DENVER (Legal Newsline) — The Department of Justice has announced Evercare Hospice and Palliative Care will pay $18 million after
False Claims Act violation allegations involving claiming Medicare
reimbursement for unnecessary services.
Hospice care is special end-of-life care for the terminally
ill. When a terminally ill patient elects hospice, Medicare no longer covers
treatment for improving health. Only patients with life expectancy under 6 months are eligible. Evercare allegedly ran a scheme focused on maximizing the
number of patients it could bill Medicare for, without regard for whether the
patients actually were terminally ill.
“Today’s settlement reflects the Justice Department’s
continuing efforts to combat health care fraud and protect the nation’s elderly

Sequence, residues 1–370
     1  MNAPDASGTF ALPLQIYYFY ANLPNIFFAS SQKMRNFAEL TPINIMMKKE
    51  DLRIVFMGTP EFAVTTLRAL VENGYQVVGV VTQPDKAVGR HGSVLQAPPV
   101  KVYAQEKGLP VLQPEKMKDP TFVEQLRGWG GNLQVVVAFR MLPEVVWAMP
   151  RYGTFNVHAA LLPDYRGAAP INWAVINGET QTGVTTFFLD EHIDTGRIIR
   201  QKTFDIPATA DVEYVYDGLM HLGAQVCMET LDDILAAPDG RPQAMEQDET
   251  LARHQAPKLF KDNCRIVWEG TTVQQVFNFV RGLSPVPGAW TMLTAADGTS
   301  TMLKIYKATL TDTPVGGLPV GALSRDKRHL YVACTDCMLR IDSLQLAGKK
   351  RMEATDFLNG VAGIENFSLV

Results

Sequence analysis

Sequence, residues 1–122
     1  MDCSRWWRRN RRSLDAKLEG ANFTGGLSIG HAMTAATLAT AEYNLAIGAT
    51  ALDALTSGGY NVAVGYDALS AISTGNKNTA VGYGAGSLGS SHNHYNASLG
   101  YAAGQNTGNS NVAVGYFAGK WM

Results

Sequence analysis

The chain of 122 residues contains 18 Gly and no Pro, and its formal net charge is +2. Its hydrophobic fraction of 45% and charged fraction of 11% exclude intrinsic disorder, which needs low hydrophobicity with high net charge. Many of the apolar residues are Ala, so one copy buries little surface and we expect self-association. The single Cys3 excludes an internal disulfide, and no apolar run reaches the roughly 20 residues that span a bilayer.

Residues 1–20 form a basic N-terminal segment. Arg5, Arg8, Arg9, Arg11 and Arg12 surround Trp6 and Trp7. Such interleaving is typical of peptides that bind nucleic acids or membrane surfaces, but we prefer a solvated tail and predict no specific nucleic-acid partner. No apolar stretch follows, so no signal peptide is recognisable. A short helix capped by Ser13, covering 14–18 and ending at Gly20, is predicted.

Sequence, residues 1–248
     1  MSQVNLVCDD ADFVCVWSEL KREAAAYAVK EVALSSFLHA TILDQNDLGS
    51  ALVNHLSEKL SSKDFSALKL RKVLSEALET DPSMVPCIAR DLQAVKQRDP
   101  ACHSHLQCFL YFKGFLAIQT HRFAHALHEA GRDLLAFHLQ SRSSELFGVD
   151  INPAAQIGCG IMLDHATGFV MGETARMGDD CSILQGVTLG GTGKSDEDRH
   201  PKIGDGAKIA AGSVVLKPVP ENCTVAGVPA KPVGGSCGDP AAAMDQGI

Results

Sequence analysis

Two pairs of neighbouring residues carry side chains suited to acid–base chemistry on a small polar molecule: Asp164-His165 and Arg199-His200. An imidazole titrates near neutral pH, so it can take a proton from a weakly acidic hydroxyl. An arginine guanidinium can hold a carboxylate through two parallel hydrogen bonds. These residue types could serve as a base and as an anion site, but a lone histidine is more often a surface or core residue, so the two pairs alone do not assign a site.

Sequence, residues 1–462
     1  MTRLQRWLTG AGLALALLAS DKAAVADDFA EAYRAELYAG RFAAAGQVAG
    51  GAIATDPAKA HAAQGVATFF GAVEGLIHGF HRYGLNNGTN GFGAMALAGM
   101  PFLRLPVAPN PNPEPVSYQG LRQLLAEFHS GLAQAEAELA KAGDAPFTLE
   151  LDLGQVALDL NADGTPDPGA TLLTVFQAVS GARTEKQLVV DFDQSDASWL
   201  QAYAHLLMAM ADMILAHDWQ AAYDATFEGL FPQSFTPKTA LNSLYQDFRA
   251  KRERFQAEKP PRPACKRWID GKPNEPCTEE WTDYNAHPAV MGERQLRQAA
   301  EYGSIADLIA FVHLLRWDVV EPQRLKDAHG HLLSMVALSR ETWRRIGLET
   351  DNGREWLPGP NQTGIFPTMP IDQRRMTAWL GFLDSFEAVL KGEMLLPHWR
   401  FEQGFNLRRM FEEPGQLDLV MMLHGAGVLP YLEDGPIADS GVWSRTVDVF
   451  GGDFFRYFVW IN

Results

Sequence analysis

and most vulnerable citizens,” said principal deputy assistant attorney General
Benjamin C. Mizer, head of the Justice Department’s Civil Division. “Our seniors rely on the hospice program to
provide them with quality care, dignity and respect when they are terminally ill
and need end-of-life care.”
Mizer noted that it is therefore important to hold hospice
providers accountable for unnecessary charges and services, stating that such
abuses can threaten the senior citizen population.
“The Justice Department will continue to protect taxpayer
dollars and ensure that this critical benefit is available for Medicare
patients who truly need it,” Mizer said.